We discuss the application of unmanned aerial systems (UASs) and UAS-derived data to model glacier topography for detecting and analysing slow and rapid changes in glacier surfaces. The study was conducted in East Antarctica in the austral summer 2016/2017. The surveyed areas included
an eastern part of the Larsemann Hills, an Airfield of the Progress Station, an initial section of a Sledge route from the Progress to Vostok Stations, and a north-western margin of the Dålk Glacier. We used a Geoscan 201 Geodesy, a professional-grade flying-wing UAS. For the photogrammetric
processing, we utilized the Agisoft PhotoScan software. The direct georeferencing approach was applied. Several high-resolution, multitemporal digital elevation models (DEMs) for surveyed areas were produced. The DEM accuracy was estimated in the absence of ground control points and reference
DEMs. We determined the ice flow velocity within the Airfield area and the Sledge route zone, where marked points were installed and moved together with the ice surface. We found that UAS imagery can be used for real-time monitoring of open and some snow-covered crevasses of various sizes.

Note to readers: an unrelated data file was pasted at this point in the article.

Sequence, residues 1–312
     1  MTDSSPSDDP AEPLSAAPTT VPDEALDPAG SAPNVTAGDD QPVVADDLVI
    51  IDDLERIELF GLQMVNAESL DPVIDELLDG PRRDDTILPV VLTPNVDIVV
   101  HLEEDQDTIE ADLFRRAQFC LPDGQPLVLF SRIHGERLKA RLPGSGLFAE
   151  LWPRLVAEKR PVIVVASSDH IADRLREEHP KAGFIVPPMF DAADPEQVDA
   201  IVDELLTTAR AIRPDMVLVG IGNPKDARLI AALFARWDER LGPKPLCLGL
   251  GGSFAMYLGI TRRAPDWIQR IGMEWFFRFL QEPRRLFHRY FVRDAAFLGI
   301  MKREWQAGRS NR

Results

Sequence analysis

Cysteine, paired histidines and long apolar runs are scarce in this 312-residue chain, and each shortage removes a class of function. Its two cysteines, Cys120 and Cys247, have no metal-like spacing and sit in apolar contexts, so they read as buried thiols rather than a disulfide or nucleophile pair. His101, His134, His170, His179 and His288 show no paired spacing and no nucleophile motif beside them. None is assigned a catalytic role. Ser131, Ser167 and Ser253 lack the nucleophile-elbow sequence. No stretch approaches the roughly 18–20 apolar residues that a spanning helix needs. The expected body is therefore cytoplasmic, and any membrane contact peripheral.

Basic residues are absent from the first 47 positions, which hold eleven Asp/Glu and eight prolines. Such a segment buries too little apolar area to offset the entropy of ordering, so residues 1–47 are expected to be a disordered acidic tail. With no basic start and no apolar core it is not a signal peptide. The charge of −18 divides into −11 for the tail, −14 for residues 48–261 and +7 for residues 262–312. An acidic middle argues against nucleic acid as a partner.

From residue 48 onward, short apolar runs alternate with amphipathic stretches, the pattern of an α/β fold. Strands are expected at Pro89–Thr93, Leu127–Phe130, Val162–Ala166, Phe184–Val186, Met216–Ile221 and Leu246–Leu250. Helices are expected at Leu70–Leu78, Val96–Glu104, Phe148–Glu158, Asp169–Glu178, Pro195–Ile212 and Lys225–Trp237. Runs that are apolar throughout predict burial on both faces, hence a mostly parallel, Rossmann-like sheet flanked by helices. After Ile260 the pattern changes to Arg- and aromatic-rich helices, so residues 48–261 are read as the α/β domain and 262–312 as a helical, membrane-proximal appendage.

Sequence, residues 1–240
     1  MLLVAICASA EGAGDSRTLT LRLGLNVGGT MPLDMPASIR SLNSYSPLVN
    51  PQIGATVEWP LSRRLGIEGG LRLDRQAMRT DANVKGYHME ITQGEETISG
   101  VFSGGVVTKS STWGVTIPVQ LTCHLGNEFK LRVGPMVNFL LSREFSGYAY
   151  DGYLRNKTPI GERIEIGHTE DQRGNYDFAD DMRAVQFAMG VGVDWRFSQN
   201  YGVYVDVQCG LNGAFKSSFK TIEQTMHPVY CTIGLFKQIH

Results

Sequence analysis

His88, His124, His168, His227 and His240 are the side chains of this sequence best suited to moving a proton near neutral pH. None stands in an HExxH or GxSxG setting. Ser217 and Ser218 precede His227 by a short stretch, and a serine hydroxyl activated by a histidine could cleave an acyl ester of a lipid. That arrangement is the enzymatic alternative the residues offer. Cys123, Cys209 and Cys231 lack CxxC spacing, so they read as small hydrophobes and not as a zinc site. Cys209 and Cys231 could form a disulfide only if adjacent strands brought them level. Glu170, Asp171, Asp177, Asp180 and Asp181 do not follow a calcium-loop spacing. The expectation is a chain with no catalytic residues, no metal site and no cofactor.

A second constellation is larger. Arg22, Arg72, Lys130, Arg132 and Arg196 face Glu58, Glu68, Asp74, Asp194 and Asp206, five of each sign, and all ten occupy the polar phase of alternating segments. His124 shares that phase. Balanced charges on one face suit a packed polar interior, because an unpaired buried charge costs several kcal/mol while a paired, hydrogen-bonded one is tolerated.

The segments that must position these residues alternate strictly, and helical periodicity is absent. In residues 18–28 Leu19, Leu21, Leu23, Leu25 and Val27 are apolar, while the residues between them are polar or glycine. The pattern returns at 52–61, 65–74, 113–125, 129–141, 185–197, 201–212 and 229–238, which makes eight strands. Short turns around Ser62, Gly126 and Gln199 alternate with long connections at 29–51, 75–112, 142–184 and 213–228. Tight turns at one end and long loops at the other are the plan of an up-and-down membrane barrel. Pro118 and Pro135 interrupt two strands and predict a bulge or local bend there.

Wind-driven snow microforms are also well recognizable on UAS-derived aerial images. The 2017 Dålk Glacier catastrophic subsidence demonstrated that monitoring and studying such events in glaciers and ice sheets are almost impossible without UASs. Optimal meteorological conditions were
empirically determined for conducting unmanned aerial survey to obtain images suitable for subsequent photogrammetric processing and DEM generation. Finally, we discuss adaptation of equipment and software to the Antarctic environment.
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Document Type: Research Article
Department of Cartography and Geoinformatics, Institute of Earth Sciences, St. Petersburg University, St. Petersburg, Russia
Institute of Mathematical Problems of Biology, Keldysh Institute of Applied Mathematics, Russian Academy of Sciences, Pushchino, Russia
Department of Photogrammetry, Moscow State University of Geodesy and Cartography (MIIGAiK), Moscow, Russia
Publication date: April 3, 2019
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